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Title: Women with inherited bleeding disorders and their offspring : the unresolved issues
Author: Davies, J. S.
ISNI:       0000 0004 7224 1030
Awarding Body: UCL (University College London)
Current Institution: University College London (University of London)
Date of Award: 2017
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The past few decades have seen major advances in management of gynaecological conditions and multidisciplinary obstetric care in women with inherited bleeding disorders (IBDs) and their offspring. However, there remain many unresolved issues within the field. A series of observational studies were conducted to address these issues with an overarching aim of improving patient care. A case-control study determined if there was an association between IBDs and endometriosis. Women with a surgically confirmed diagnosis of endometriosis (n = 84) and controls (n = 30) underwent investigations of haemostasis. Women with endometriosis had significantly more platelet aggregation defects to one and multiple agonists compared to controls (31% vs 4%, p = 0.005 and 15% vs 4%, p < 0.05, respectively). Reduced von willebrand factor (VWF) activity correlated with increased laparoscopic stage of endometriosis (r = -0.35, p = 0.01). A 10-year review and questionnaire study was carried out in carriers of haemophilia to determine their attitudes towards prenatal diagnosis. Sixty-one carriers of haemophilia had obstetric care in 73 pregnancies. Forty-one out of 61 women responded to the questionnaire. The uptake for invasive prenatal diagnosis of haemophilia was reduced compared to previous studies published at the Royal Free Hospital (15% versus 20% in 2008 [1], and 35% in 1997 [2]). Invasive testing to confirm the haemophilia status of the fetus was used to guide management decisions of labour and delivery. The rate of termination of pregnancy (TOP) for haemophilia was lower than in previous case series [1]. Non-invasive determination of fetal gender using free fetal DNA (ffDNA) was carried out in 58 pregnancies (79%). Fifty-nine deliveries were managed at the Royal Free Hospital over 10-years. The majority of women (66%) in this series underwent elective caesarean section (CS). The primary indication for CS was for haemophilia in 59% of deliveries. A literature review and meta-analysis assessed the incidence of cranial bleeding at birth in newborns with haemophilia. The incidence of symptomatic intracranial haemorrhage (ICH) was determined by mode of delivery (MOD). Newborns with haemophilia were 44 times (95%CI 34.7-57.1, p < 0.01) more likely to experience symptomatic ICH, and 8 times (95%CI 5.38-12.6, p < 0.01) more likely to experience extracranial haemorrhage (ECH) at birth, compared to the general population. The OR of experiencing ICH following an assisted vaginal delivery was 4.4 (95%CI 1.46-13.7, p = 0.008) compared to vaginal delivery in newborns with haemophilia. The OR of experiencing ICH following CS was 0.34 (95%CI 0.14-0.83, p = 0.018) compared to vaginal delivery. CS was associated with the lowest risk of ICH in newborns with haemophilia. A prospective MRI screening study in term newborns with severe IBDs was undertaken to determine feasibility and incidence of asymptomatic ICH. Cranial MRI within 72 hours of delivery excluded asymptomatic ICH in affected infants. No cases of ICH were reported among eight participants. One newborn experienced cephalohaematoma following an emergency CS. Two of the eight newborns experienced spontaneous ICH in early infancy. A case-control study analysed the differences in rotational thromboelastometry (ROTEM®) parameters between parturient women with FXI deficiency, and parturient and non-parturient controls. Women with FXI deficiency achieved a hypercoagulable status during the third trimester of pregnancy; however, the changes were not as pronounced as in pregnant controls. Women with prolonged clotting time and clot formation time were considered to have an increased risk of bleeding. A prospective cohort study evaluated the role of ROTEM® analysis in assessment of bleeding risk in women with FXI deficiency. Pregnancy outcomes and haemostatic cover was reviewed in 57 deliveries in women with FXI deficiency. ROTEM® enabled treatment decision and reduced the need for treatment with factor concentrate in women with severe FXI deficiency. A cohort study assessed the correlation between bleeding score, haemostatic and prothrombotic variables in women with VWD and carriers of haemophilia. The presence of a thrombotic marker (anticoagulant deficiency or prothrombotic gene mutation) altered the bleeding score for a given VWF:RCo level in women with VWD (p = 0.015). Co-inheritance of thrombophilia reduces bleeding severity in women with IBDs, and thrombotic risk must be considered in these women.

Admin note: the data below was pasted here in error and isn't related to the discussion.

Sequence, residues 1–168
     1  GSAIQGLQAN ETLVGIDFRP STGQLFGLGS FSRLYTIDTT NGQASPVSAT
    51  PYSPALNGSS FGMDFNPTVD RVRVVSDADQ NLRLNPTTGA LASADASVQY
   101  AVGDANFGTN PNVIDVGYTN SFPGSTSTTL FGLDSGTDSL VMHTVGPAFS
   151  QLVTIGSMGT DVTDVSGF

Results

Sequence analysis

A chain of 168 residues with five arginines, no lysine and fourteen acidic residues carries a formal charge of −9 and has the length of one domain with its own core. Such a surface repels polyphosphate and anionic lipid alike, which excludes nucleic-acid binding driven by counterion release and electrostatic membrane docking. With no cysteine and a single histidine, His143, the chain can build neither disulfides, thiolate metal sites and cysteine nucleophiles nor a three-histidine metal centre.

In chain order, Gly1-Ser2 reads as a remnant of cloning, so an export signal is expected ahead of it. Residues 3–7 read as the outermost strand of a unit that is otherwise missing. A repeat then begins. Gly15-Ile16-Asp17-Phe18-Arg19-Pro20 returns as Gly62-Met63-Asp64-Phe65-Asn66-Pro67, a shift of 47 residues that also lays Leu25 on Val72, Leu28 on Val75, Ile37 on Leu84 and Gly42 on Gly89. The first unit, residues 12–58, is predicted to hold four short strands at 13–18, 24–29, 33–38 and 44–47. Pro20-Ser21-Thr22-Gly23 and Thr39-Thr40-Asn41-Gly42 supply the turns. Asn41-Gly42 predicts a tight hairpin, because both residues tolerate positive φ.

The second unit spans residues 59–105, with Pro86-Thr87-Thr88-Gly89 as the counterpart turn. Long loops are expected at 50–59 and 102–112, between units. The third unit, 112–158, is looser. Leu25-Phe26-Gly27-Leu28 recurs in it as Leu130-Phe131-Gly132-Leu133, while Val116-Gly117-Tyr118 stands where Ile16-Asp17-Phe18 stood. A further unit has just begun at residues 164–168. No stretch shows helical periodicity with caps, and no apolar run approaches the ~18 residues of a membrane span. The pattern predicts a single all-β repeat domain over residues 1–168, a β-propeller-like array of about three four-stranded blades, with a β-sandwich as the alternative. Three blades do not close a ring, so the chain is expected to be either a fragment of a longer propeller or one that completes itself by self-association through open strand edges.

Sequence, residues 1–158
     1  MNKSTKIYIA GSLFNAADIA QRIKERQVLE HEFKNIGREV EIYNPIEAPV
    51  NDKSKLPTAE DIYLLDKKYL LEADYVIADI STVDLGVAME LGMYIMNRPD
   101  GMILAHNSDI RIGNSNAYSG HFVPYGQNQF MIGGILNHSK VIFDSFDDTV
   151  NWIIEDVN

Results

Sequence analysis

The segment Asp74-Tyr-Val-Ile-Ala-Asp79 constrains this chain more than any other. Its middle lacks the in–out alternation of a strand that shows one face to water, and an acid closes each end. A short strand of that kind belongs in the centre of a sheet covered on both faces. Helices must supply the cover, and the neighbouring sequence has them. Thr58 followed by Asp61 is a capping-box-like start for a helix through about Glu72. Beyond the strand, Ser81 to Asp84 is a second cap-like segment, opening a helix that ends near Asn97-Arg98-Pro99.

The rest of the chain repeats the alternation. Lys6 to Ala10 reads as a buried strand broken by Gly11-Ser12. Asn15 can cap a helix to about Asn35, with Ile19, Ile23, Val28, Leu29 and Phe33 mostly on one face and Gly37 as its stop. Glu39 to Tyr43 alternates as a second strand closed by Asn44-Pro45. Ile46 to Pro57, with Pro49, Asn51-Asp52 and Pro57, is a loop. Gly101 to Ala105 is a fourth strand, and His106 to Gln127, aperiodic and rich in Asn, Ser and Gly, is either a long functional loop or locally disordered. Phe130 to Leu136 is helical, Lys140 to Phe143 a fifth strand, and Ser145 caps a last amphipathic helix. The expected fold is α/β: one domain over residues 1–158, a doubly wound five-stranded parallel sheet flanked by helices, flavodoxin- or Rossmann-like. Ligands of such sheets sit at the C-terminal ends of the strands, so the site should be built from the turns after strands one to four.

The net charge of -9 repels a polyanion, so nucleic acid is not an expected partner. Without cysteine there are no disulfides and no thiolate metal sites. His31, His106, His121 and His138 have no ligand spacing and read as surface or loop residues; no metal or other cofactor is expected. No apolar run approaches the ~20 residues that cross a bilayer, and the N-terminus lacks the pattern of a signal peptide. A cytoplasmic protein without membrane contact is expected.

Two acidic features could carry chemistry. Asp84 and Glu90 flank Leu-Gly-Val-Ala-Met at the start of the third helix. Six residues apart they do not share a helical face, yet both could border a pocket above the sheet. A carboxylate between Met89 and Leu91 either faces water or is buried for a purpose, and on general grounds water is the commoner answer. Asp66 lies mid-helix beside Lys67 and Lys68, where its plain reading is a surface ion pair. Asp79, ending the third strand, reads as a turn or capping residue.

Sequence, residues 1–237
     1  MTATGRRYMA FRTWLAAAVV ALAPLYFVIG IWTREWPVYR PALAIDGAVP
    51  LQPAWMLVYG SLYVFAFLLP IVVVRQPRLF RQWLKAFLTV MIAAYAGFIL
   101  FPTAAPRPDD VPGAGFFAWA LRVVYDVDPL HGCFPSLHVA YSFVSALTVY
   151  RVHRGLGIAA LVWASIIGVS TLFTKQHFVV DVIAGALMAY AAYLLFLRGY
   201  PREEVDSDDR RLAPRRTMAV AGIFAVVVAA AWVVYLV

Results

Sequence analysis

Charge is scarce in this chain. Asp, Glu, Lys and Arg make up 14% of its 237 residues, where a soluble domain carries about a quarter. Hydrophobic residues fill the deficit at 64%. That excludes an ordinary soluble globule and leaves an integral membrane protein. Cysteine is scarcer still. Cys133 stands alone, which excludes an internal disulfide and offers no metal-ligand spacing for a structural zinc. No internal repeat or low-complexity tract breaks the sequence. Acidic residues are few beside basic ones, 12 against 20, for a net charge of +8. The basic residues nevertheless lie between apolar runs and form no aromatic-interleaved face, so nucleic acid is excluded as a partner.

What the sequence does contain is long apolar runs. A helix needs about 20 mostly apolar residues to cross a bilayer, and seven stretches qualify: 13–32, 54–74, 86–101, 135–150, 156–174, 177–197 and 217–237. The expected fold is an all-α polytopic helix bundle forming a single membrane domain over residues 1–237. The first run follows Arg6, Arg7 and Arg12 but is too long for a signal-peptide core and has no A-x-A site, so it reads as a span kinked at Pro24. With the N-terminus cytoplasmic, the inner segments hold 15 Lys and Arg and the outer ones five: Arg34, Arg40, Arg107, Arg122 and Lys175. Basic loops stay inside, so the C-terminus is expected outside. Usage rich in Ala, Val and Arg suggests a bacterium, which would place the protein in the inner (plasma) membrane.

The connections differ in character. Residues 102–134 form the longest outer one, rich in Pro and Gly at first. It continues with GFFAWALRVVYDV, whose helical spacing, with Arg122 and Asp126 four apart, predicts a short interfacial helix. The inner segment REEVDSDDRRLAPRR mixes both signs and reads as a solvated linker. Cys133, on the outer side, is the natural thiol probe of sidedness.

Supervisor: Kadir, R. A. K. Sponsor: Not available
Qualification Name: Thesis (Ph.D.) Qualification Level: Doctoral
EThOS ID:  DOI: Not available